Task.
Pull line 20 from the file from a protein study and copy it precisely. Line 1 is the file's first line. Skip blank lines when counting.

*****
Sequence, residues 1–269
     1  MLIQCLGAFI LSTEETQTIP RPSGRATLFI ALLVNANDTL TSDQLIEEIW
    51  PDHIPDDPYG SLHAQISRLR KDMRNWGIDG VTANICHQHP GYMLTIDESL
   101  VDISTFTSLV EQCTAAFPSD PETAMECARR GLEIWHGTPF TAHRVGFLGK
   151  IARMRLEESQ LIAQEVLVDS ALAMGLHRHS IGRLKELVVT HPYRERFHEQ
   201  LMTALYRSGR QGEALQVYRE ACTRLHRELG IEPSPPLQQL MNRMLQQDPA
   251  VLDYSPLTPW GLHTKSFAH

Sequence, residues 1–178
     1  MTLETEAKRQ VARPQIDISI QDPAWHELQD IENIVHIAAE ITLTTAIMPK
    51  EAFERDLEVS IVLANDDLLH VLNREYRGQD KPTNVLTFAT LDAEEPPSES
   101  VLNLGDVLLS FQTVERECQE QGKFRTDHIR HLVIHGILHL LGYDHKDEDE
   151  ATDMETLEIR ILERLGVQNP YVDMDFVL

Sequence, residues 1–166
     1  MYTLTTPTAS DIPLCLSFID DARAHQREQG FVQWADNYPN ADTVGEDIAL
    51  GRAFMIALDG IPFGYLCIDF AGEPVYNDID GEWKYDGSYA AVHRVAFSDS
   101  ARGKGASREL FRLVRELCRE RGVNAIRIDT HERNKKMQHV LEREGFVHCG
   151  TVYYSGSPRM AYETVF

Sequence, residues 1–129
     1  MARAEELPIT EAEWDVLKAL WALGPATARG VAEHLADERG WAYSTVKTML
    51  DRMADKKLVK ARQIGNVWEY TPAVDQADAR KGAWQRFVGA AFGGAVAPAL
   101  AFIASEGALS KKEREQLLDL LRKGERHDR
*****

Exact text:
    51  DRMADKKLVK ARQIGNVWEY TPAVDQADAR KGAWQRFVGA AFGGAVAPAL